A total of 208 study participants (MZL = 69, follicular lymphoma = 117, and SLL = 22) received umbralisib at a once-daily dose of 800 mg as part of a 28-day treatment cycle. Treatment was continued until progressive disease, intolerable toxicity, or study withdrawal.
The primary end point of the trial was ORR, and key secondary end points included duration of response (DOR), PFS, CR rate, and safety. Time to response (TTR) was included as a post-hoc analysis.
The median age of patients was 66 years (range, 29-88), 56.7% were male, and 81.7% were White. Moreover, 51.0% had stage IV disease, 28.4% were refractory to their last anti–CD20-based therapy, and the median number of prior therapies was 2 (range, 1-10). Notably, 46.2% of patients received 3 or more prior therapies. All patients previously received ruxolitinib (Jakafi), and most had received anti–CD20-based chemoimmunotherapy. Moreover, 2.9% of those with MZL previously received a BTK inhibitor, as did 8.5% of those with follicular lymphoma and 22.7% of those with SLL.
At a median follow-up of 27.7 months, umbralisib elicited an ORR of 47.1% in the intent-to-treat population, based on independent review committee assessment. When broken down into subsets, umbralisib elicited ORRs of 49.3% (95% CI, 37.0%-61.6%) in those with MZL, 45.3% (95% CI, 36.1%-54.8%) in those with follicular lymphoma, and 50.0% (95% CI, 28.2%-71.8%) in those with SLL. The ORR was noted to be consistent across the 3 subtypes of MZL.
Moreover, 15.9% of patients with MZL achieved a CR to treatment, as did 5.1% of those with follicular lymphoma and 4.5% of those with SLL. The median DOR was not yet reached (95% CI, 10.3–not estimable [NE]) for those with MZL, 11.1 months (95% CI, 8.3-15.6) for those with follicular lymphoma, and 18.3 months (95% CI, 2.4-NE) for those with SLL. The median TTRs in these groups were 2.8 months (95% CI, 2.7-2.9), 4.6 months (95% CI, 3.0-5.6), and 2.7 months (95% CI, 2.4-2.8), respectively.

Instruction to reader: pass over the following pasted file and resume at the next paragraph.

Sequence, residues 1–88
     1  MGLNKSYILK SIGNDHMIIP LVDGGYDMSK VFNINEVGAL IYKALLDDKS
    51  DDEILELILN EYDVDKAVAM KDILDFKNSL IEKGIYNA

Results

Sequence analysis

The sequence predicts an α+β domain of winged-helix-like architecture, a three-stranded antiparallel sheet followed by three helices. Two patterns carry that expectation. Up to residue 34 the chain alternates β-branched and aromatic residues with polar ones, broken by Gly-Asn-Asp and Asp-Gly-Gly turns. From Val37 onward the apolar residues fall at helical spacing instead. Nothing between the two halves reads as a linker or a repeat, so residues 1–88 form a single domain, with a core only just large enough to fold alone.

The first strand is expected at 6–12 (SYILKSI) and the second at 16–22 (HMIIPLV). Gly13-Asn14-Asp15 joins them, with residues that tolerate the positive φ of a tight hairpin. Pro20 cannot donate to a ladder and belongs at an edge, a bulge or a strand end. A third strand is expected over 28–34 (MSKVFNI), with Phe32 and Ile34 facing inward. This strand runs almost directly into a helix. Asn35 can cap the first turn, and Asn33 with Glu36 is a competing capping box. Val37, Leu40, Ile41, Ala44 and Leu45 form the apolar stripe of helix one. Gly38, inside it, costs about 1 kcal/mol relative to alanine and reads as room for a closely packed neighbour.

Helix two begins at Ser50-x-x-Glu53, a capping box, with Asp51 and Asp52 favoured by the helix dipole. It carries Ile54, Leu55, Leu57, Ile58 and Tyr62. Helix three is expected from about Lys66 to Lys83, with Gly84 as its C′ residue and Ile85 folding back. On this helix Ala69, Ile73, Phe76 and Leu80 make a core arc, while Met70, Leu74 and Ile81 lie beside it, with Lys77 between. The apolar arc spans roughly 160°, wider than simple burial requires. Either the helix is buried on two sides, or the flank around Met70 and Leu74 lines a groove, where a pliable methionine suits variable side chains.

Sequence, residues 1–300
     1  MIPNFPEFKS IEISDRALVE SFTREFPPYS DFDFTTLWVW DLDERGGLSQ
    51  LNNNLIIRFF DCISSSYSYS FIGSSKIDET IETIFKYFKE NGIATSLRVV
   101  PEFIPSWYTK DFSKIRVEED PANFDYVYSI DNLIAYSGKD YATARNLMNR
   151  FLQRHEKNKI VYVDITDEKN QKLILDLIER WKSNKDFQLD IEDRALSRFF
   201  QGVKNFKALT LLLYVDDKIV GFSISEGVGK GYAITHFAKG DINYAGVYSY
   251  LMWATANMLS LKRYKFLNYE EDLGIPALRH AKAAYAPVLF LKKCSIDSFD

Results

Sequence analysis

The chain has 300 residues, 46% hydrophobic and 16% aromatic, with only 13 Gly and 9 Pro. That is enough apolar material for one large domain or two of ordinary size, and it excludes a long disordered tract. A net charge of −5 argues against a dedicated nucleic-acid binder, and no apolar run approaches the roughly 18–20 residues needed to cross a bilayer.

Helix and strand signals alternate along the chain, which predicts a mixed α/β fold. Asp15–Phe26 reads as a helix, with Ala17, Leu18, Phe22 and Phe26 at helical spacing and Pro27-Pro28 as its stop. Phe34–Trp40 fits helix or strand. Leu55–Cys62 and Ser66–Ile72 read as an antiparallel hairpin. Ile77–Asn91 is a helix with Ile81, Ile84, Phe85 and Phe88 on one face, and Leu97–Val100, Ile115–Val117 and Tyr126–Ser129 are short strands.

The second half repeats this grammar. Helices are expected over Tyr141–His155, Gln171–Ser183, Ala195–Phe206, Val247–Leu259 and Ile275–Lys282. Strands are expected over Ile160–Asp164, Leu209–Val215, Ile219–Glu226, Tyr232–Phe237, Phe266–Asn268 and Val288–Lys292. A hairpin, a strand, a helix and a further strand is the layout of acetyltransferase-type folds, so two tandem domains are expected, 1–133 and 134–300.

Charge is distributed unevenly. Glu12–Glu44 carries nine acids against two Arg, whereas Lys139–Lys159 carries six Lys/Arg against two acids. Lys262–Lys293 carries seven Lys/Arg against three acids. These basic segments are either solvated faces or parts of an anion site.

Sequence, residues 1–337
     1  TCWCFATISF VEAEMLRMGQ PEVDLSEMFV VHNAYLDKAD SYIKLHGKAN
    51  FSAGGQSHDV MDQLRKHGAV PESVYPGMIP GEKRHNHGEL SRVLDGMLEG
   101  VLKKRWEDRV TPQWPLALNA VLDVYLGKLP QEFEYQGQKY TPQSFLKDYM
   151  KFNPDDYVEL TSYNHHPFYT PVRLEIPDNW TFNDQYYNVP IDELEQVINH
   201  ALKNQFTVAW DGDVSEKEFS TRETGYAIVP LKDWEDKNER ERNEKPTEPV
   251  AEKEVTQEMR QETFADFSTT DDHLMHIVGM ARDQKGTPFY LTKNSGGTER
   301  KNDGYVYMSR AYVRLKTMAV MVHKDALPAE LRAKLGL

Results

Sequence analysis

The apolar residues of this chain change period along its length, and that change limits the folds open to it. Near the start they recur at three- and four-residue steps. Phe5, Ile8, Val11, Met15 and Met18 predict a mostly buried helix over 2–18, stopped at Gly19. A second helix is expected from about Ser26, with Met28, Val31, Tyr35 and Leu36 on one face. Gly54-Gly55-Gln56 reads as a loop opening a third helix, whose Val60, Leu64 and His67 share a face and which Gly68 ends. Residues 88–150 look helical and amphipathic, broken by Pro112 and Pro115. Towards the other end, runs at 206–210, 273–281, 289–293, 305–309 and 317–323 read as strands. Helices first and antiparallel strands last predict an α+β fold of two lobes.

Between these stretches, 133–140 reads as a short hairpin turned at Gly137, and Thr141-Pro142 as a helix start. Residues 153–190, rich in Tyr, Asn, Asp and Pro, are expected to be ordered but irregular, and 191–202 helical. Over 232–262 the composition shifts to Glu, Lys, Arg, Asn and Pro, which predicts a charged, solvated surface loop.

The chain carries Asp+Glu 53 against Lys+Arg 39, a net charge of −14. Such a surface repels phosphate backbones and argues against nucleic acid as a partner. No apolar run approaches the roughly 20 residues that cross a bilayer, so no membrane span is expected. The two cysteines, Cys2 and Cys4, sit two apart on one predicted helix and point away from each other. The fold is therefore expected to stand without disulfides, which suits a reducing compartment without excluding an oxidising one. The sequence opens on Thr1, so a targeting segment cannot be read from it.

The median PFS was not reached (95% CI, 12.1-NE) in those with MZL, 10.6 months (95% CI, 7.3-13.7) in those with follicular lymphoma, and 20.9 months (95% CI, 7.4-24.1) in those with SLL. At 2 years, 50.5%, 18.1%, and 31.3%, of patients, respectively, were still free of disease progression.
Regarding safety, 99.5% of patients experienced treatment-emergent adverse effects (TEAEs), 53.4% of which had at least 1 grade 3 or higher effect. Grade 3 or higher TEAEs reported in 10% or more of the 208 patients included neutropenia (11.5%), diarrhea (10.1%), nausea (0.5%), fatigue (3.4%), vomiting (0.5%), decreased appetite (1.9%), dizziness (0.5%), headache (1.0%), insomnia (0.5%), peripheral edema (0.5%), alanine aminotransferase (ALT) increased (6.7%), aspartate aminotransferase (AST) increased (7.2%), and blood creatinine increased (0.5%).